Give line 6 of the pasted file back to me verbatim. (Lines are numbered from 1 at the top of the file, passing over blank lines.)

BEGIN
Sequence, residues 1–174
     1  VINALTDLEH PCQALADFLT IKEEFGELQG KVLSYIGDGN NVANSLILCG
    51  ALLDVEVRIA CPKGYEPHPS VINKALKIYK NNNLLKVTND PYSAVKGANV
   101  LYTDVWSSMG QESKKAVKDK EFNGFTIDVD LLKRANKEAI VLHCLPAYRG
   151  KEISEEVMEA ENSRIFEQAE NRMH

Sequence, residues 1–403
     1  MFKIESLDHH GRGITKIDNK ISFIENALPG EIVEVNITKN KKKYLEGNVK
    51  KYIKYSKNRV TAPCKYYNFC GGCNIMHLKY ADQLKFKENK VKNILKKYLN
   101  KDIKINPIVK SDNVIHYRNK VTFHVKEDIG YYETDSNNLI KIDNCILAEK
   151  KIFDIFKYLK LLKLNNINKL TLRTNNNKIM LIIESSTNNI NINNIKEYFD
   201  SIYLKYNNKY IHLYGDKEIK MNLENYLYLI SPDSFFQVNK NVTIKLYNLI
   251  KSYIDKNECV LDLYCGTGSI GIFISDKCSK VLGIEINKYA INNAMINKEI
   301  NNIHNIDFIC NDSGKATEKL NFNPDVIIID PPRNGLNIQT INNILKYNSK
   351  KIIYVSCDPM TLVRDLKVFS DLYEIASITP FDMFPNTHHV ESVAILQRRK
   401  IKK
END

Sequence, residues 1–403